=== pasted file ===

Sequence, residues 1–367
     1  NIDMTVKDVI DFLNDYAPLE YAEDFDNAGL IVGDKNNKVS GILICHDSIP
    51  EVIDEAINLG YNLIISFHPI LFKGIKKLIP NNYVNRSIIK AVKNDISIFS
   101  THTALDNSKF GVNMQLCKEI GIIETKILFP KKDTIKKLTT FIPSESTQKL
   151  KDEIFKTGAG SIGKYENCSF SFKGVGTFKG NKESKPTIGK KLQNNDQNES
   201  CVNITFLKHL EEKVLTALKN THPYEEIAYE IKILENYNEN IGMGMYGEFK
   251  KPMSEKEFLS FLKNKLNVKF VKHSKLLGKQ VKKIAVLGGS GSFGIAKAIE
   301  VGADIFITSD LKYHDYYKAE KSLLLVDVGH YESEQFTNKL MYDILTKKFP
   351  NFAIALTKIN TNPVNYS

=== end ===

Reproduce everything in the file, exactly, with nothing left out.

Sequence, residues 1–367
     1  NIDMTVKDVI DFLNDYAPLE YAEDFDNAGL IVGDKNNKVS GILICHDSIP
    51  EVIDEAINLG YNLIISFHPI LFKGIKKLIP NNYVNRSIIK AVKNDISIFS
   101  THTALDNSKF GVNMQLCKEI GIIETKILFP KKDTIKKLTT FIPSESTQKL
   151  KDEIFKTGAG SIGKYENCSF SFKGVGTFKG NKESKPTIGK KLQNNDQNES
   201  CVNITFLKHL EEKVLTALKN THPYEEIAYE IKILENYNEN IGMGMYGEFK
   251  KPMSEKEFLS FLKNKLNVKF VKHSKLLGKQ VKKIAVLGGS GSFGIAKAIE
   301  VGADIFITSD LKYHDYYKAE KSLLLVDVGH YESEQFTNKL MYDILTKKFP
   351  NFAIALTKIN TNPVNYS